Of the Spacs that have faded badly, several were smaller vehicles that raised less than $100m, while several others chose to merge with energy companies and have been hammered by the collapse in commodity prices. But the most prominent criticism of investors about Spacs is that sponsors did not pick quality companies simply because they were likely to personally profit no matter how the new company ultimately performed.
“The traditional Spac has a clock and is under pressure to do a deal, and Spacs have traditionally worked for financial sponsors, not for investors,” said Charles Kantor, a portfolio manager at Neuberger Berman who has invested in the structures and is positive about recent changes in the market.
Spac supporters say the new generation of vehicles are backed by a more accomplished group of sponsors who are better able to find attractive merger targets. Michael Klein, the former Citigroup dealmaker once on track to lead the bank, has raised cash shells with four, all named after Winston Churchill, which have now raised $3.5bn in total.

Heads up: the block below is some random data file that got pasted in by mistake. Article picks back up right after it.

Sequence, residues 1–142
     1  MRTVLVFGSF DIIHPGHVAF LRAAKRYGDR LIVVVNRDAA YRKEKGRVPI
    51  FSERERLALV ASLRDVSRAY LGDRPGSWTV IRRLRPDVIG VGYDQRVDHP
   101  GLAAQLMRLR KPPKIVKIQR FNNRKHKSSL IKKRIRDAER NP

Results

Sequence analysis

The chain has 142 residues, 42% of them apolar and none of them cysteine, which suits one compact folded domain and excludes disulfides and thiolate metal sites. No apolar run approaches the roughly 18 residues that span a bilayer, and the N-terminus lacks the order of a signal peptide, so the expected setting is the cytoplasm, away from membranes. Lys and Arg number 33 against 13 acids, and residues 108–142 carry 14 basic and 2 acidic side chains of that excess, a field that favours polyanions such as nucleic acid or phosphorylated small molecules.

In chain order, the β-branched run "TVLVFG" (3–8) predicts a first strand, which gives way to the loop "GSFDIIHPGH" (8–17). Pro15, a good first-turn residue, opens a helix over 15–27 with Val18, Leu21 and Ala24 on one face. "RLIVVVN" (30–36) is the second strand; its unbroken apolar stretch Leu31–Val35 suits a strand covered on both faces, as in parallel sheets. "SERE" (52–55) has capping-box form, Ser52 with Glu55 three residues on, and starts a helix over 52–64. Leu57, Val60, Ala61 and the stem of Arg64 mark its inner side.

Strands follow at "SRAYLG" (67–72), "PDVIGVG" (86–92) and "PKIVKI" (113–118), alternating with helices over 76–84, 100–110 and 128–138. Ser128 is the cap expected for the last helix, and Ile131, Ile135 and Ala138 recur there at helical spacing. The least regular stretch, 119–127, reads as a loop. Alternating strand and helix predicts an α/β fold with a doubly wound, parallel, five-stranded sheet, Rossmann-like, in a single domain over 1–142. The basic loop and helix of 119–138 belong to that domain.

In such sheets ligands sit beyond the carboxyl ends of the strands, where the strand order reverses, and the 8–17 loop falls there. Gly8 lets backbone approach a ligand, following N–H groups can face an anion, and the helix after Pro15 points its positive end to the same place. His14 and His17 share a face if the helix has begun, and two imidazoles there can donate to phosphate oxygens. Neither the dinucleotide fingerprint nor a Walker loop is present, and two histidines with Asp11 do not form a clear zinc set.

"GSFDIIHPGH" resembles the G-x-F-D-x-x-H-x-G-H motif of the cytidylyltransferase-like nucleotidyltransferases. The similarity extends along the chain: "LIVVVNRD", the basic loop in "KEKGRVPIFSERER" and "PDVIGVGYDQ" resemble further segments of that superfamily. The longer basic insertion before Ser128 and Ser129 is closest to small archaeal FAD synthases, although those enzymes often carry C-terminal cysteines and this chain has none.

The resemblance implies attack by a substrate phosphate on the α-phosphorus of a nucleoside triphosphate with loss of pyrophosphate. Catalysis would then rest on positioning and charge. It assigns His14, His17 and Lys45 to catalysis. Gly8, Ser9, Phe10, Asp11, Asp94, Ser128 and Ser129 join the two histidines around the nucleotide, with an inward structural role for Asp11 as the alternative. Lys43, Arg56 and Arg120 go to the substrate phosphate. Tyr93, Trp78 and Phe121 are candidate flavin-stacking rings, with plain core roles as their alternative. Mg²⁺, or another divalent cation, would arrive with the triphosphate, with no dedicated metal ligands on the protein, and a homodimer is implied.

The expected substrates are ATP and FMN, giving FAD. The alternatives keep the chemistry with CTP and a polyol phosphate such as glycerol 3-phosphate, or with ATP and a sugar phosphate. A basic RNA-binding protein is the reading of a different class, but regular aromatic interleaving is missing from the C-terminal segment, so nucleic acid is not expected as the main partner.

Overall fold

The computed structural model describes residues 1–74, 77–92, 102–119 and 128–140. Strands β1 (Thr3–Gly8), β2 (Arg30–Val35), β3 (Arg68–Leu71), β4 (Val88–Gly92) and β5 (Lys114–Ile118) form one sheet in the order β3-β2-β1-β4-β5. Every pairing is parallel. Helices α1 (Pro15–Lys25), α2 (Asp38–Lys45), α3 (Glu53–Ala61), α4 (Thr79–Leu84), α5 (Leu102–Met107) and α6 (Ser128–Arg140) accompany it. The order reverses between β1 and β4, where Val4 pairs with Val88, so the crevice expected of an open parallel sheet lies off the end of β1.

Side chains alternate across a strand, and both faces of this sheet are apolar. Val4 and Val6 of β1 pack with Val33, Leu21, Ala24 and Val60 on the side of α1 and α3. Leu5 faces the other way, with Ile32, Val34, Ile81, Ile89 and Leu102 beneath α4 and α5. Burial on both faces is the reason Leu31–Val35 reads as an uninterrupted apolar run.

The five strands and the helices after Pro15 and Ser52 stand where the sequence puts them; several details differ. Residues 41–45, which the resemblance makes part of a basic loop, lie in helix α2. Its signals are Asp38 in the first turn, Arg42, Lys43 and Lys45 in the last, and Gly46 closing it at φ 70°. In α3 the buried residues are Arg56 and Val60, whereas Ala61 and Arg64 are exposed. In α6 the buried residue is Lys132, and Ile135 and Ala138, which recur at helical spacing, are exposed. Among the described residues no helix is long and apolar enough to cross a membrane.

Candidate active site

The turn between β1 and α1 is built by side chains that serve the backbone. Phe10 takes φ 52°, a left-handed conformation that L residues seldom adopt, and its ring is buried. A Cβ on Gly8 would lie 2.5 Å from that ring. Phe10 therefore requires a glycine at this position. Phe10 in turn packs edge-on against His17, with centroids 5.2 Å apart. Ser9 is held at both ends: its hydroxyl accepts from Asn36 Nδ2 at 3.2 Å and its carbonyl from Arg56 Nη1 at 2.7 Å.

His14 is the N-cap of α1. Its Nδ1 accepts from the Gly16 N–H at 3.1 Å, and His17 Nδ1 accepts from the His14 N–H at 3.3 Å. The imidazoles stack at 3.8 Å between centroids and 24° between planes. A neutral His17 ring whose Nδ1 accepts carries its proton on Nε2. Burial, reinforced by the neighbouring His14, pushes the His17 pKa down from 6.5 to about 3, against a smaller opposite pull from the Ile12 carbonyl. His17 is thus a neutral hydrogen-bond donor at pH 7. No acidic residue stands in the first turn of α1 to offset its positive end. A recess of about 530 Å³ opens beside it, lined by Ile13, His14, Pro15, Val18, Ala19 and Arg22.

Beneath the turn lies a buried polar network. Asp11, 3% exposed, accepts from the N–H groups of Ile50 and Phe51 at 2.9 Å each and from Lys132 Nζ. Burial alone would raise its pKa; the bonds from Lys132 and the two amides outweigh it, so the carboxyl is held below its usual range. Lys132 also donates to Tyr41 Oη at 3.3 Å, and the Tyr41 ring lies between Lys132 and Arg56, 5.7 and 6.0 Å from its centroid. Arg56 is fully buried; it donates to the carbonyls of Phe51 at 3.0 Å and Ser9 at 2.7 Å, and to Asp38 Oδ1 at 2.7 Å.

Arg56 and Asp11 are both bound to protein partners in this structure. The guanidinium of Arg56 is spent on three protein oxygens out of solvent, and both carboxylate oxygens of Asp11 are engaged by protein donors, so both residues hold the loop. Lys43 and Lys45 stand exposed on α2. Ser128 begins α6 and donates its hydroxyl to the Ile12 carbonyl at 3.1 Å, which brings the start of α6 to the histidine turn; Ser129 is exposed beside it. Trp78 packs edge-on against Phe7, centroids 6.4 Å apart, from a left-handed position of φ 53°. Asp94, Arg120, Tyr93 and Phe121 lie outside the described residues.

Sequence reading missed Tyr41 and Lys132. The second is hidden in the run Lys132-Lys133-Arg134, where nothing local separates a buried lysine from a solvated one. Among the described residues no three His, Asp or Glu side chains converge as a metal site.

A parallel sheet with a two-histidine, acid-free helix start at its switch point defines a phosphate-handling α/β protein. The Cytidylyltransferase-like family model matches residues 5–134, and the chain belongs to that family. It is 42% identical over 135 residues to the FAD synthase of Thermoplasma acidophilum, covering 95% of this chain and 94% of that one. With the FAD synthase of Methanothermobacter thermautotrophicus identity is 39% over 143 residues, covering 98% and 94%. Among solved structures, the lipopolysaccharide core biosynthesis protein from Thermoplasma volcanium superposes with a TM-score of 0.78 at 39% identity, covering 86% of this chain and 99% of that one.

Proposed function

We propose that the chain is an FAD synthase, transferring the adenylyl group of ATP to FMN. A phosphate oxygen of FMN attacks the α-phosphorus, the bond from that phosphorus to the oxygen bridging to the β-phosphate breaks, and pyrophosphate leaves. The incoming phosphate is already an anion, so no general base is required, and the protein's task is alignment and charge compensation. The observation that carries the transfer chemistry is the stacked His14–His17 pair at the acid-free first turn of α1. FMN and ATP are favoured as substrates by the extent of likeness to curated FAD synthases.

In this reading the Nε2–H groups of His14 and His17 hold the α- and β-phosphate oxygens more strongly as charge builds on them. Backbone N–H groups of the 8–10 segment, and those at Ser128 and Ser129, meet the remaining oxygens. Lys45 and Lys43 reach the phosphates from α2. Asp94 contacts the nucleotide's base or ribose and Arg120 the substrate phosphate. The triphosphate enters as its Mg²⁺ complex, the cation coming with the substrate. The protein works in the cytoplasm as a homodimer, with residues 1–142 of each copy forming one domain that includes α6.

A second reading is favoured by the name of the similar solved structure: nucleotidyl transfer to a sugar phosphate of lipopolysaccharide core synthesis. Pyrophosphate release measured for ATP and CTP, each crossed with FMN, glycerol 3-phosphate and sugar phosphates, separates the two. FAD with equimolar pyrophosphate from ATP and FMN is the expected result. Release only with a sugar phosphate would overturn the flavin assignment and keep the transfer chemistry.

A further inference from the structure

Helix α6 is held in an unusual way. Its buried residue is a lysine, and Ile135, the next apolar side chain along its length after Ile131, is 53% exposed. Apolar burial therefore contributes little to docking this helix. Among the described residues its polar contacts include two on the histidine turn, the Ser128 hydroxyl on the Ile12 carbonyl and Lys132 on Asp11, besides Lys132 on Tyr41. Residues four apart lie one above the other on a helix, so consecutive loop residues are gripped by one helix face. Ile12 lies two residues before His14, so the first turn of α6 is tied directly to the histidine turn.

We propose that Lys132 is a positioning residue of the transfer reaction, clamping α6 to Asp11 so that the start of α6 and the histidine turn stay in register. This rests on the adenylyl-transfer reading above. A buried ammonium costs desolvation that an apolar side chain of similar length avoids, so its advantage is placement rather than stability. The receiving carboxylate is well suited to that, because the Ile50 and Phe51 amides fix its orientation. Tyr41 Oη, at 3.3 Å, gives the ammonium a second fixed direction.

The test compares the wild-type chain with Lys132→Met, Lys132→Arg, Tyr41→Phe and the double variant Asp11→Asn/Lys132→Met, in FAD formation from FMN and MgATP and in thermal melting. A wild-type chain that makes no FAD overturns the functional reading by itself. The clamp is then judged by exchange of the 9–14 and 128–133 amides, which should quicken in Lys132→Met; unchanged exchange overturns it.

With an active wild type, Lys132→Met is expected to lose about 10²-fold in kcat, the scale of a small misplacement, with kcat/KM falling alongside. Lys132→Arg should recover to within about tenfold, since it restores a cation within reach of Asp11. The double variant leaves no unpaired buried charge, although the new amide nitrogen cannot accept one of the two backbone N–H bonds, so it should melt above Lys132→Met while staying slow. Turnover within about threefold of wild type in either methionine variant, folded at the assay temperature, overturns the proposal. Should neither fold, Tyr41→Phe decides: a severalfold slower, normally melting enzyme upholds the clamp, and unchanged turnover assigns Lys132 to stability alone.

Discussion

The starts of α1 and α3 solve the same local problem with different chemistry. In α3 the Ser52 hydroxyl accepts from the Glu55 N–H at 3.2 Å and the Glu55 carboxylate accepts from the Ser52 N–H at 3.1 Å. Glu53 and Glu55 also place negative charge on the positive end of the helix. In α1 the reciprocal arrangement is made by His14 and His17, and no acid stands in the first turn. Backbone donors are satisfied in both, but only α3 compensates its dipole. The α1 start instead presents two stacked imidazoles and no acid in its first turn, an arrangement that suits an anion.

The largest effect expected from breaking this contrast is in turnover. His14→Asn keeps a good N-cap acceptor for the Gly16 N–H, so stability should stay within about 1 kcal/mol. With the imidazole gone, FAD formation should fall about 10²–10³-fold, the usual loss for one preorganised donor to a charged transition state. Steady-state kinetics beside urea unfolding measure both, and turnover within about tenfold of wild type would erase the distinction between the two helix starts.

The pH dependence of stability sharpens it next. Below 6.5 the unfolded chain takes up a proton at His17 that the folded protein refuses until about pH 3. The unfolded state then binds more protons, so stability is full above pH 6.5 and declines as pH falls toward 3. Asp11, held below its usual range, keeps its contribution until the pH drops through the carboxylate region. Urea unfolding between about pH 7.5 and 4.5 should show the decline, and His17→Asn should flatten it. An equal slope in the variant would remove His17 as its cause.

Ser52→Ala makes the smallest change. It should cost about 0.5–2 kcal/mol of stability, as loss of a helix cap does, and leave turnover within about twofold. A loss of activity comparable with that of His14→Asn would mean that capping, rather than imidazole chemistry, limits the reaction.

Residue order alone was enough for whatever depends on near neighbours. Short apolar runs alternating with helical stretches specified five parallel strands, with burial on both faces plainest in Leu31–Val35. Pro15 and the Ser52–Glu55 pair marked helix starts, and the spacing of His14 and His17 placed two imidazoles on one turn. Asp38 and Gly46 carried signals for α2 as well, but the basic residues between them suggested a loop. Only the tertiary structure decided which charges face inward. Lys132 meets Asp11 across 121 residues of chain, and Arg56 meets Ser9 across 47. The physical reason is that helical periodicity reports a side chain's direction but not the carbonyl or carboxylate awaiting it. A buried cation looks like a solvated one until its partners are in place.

Clarivate, an industrial company that his first Spac acquired, now trades at nearly $30 and has a market capitalisation approaching $10bn. Mr Klein touts the global connections he built during his decades-long career on Wall Street as an advantage in finding deals.
Still, Mr Klein has also benefited from simply pushing reverse mergers across the finish line. His eponymous firm, Klein & Co, has earned fees on each of the two Churchill transactions announced, taking in more than $30m in fees.
“People are spending a lot of time trying to come up with a better model on how to deal with the promote,” said Gregg Noel, head of Skadden’s West Coast capital markets practice.